More than 180 corporate leaders made a public plea endorsing abortion this week, signing on to an open letter claiming that restricting the practice is "bad for business."
What are the details?
The political statement was printed in a full-page ad in Monday's edition of the New York Times, with signatories including Twitter CEO Jack Dorsey (who signed on behalf of another company he runs), Yelp chief Jeremy Stoppelman, and Bloomberg's Peter Grauer.
"Restricting access to comprehensive reproductive health care, including abortion, threatens the health, independence and economic stability of our employees and customers," the letter declared. "Simply put, it goes against our values and is bad for business."
The statement was issued by a campaign dubbed "Don't Ban Equality," spearheaded by a coalition of pro-abortion groups, including Planned Parenthood, NARAL Pro-Choice America, the American Civil Liberties Union, and Center for Reproductive Rights.
Despite her organization's role in forming the messaging, Planned Parenthood President Leana Wen said she was "grateful and inspired" by the corporate leaders endorsing it, the Daily Mail reported.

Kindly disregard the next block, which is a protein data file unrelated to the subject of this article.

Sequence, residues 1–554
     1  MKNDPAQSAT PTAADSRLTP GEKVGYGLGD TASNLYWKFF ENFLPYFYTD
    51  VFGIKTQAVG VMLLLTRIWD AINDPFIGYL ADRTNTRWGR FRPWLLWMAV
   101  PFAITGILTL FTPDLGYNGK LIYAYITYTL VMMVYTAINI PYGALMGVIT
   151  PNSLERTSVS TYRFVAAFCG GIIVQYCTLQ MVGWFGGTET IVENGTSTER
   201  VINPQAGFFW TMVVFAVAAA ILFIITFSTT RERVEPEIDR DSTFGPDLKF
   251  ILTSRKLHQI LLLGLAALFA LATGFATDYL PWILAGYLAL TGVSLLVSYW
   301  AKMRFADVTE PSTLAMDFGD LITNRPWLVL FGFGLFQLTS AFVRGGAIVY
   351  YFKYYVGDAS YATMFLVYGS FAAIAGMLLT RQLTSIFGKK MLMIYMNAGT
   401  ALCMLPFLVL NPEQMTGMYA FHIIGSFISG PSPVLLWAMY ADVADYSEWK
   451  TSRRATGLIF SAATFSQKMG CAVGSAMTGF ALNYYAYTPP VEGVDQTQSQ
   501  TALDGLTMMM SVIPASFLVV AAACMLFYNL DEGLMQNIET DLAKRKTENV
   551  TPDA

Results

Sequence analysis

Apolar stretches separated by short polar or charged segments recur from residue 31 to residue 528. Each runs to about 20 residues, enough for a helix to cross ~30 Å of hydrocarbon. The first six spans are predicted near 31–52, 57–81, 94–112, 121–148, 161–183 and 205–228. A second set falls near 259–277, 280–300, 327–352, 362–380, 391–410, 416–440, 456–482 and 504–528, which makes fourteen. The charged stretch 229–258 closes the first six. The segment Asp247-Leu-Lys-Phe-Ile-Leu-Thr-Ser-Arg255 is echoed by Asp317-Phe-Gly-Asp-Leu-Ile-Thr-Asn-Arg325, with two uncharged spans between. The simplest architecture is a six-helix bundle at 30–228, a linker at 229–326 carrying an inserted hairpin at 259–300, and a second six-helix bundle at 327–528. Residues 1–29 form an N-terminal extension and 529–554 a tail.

The letter itself does not state what prompted its drafting, but the initiative's website explains that it was "in response to an alarming trend of bans passing in states across the country that restrict access to comprehensive healthcare, including abortion."
So far this year, several states have imposed laws restricting abortions, including Alabama, Georgia, and Missouri. Abortion groups fear the new laws will lead to a challenge of Roe v. Wade.
The CEOs stopped short of directly claiming their employees share their views but did state in the letter, "We, the undersigned, represent more than 108,000 workers."
Signatory and Postmates Vice President of public policy Vikrum Aiyer told CNN Business the firm is prepared to receive pushback from customers over its stance, but says "it matters more to us that women are stood up for."
"It's not a Democratic value or a Republican value; it's the value of personal sovereignty," Aiyer explained. "Democracy is messy, but our taking of a position is more about sparking a conversation that imposing a position on our employees or customers."